Review: Enemy

The same year as Prisoners, director Denis Villeneuve sneaked this atmospheric thriller passed us.

Adam is a history lecturer whose mediocre life is shaken when he sees an actor in a film who looks and sounds exactly like him. When he reaches out to his doppelganger, both men’s lives become entangled and tensions mount.

What a strange experience this was. Based off of the novel The Double by José Saramago, Enemy is a tense, explicit and unsettled experience, full of the bleak, often washed out colours that many of Villeneuve’s films feature. This puzzle box of a movie definitely requires multiple viewings!
At first nothing seems overly wrong. Adam, played by Jake Gyllenhaal, seems only at odds with his life and upon seeing this actor in a film who looks exactly like him decides to seek him out. Nothing especially surprising about that; most of us would do that! But throughout this long, almost silent, sequence the score is tense and unnerving; drenching the quiet in foreboding and doubt, as if we want Adam to stop his search before its even begun.

Even before we meet his double, there is some unease built through scattered, explicit and surreal imagery; Enemy has to be the most edited film of Villeneuve’s I’ve seen so far, lacking a lot of his long, steady establishing shots. The tight, concise pacing is loaded with symbolism and questions.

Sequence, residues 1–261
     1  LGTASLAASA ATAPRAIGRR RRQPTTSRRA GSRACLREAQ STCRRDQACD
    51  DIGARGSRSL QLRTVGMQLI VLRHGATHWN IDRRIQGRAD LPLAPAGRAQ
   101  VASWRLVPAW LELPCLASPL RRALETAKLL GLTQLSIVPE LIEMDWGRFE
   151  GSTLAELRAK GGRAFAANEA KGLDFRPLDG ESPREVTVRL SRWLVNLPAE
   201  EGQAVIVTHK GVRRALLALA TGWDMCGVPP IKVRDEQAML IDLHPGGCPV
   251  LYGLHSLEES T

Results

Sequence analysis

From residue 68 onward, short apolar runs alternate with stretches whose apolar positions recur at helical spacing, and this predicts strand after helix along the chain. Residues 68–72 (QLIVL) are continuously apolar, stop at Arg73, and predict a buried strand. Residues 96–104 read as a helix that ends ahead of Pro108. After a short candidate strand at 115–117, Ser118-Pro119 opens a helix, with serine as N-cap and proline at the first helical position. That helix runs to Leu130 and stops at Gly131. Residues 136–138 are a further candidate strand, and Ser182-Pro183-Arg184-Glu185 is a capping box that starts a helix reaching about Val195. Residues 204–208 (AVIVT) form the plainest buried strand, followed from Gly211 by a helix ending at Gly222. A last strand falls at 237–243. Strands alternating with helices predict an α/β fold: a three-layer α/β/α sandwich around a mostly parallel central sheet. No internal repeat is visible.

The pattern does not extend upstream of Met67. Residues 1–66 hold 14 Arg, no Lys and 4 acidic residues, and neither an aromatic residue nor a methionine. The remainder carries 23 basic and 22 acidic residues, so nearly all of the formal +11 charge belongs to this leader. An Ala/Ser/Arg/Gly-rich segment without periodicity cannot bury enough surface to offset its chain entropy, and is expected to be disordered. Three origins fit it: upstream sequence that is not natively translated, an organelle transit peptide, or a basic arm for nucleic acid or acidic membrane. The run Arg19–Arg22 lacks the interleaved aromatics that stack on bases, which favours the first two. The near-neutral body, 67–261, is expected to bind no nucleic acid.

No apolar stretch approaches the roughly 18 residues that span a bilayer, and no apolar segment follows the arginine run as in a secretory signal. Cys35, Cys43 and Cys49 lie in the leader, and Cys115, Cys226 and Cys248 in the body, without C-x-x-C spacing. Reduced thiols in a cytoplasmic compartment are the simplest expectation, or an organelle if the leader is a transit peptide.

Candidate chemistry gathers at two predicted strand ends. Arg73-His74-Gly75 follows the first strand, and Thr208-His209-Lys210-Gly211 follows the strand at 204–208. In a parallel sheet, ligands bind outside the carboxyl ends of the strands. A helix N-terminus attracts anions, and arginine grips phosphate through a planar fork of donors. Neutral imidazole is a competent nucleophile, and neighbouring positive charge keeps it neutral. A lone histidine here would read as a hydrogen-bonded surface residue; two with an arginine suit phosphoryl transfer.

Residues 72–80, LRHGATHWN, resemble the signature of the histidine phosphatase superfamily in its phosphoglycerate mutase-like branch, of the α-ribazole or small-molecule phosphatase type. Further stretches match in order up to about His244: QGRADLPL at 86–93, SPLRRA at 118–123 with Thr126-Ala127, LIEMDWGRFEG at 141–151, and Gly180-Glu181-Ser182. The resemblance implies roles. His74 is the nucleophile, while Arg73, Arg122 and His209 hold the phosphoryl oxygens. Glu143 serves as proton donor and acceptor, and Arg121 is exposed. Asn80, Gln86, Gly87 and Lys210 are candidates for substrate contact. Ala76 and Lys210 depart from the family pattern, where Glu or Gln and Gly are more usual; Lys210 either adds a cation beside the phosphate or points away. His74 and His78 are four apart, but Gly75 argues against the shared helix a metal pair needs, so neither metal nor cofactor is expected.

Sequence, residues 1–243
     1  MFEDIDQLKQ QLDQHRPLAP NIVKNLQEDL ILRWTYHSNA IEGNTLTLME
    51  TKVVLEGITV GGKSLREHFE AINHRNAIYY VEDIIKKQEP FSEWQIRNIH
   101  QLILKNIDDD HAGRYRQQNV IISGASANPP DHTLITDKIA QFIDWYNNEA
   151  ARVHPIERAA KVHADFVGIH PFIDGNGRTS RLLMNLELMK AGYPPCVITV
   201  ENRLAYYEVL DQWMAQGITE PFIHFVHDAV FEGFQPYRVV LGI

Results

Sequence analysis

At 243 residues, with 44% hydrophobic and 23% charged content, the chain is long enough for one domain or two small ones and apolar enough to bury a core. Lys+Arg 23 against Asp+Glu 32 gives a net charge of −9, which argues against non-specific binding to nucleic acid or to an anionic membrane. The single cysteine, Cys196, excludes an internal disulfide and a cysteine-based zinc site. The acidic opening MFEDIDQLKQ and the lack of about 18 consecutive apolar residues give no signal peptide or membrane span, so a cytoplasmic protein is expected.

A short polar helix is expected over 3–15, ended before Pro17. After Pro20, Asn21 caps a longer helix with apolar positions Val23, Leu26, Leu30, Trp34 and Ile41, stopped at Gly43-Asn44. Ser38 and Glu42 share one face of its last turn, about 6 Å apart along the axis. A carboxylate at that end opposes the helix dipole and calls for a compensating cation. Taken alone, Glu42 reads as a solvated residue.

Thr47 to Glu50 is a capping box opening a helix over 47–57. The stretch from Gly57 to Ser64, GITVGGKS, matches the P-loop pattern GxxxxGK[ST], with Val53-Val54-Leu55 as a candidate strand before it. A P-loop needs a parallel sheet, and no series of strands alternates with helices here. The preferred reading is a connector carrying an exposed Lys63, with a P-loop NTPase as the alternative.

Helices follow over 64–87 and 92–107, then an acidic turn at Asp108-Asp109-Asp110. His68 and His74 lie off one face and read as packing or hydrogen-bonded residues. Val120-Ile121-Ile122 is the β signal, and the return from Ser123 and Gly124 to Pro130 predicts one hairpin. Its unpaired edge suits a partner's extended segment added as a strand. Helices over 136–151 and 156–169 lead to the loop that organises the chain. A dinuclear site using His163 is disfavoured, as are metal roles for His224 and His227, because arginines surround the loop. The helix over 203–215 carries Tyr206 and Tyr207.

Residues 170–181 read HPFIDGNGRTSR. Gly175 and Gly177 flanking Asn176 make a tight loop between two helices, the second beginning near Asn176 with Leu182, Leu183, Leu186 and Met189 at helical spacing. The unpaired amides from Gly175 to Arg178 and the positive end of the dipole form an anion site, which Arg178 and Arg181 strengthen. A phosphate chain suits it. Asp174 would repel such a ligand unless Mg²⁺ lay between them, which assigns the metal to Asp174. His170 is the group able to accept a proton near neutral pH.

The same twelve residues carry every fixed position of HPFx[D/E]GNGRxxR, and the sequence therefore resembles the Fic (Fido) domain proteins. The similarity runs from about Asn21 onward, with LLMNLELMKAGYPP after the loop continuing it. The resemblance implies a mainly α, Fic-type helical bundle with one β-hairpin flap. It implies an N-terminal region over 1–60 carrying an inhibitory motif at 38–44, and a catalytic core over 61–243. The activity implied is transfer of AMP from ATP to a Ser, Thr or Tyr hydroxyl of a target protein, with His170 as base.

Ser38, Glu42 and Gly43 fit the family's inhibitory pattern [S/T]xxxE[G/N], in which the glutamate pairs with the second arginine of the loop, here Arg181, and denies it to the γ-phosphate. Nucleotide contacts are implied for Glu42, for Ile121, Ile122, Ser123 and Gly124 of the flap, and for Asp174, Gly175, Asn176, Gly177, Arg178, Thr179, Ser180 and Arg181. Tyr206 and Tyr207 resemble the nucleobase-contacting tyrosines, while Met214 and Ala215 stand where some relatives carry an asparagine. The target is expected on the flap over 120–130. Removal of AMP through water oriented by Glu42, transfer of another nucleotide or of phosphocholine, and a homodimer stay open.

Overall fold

Antony, also played by Jake Gyllenhaal, is a far more troubled and aggressive man compared to the meek and cautious Adam. Gyllenhaal portrays both men extremely well (as if you needed me to tell you that he provides a layered performance) but the film doesn’t go out of its way to use this as a gimmick. Both men are intensely reluctant to be around each other and Anthony immediately conspires against Adam.

There’s a lot of symbolism here. Chief among them being spiders. Villeneuve had the cast and crew sign contracts to never explain what the spiders represent, yet they and similar images, appear everywhere and even in fantastical manners. This is great as the film never explains it; leaving it to the viewer what the film’s true intentions are. Many film critics and film buffs have made good cases for what they believe are the relevant themes. Entrapment is one of mine, but I don’t want to go into too many details and spoiler-territory.

It is a very slow boil, very reliant on the viewer’s attention to detail and involvement with atmosphere (similar to a lot of the director’s work) as I said before, there are no hi-jinx or gimmicks with having two Gyllenhaals. This is a relationship study with almost supernatural undertones.
It isn’t going to wow everyone, but it had me compelled to watch it throughout and insists that I watch it again. While some of the thematic intention doesn’t quite fit with the actual doppelganger concept, this could be improved upon watching it again.

Overall I enjoyed this dark, mature, puzzle-movie and I highly recommend it. It can only improve with further viewing, so appreciate this score might be considered low.



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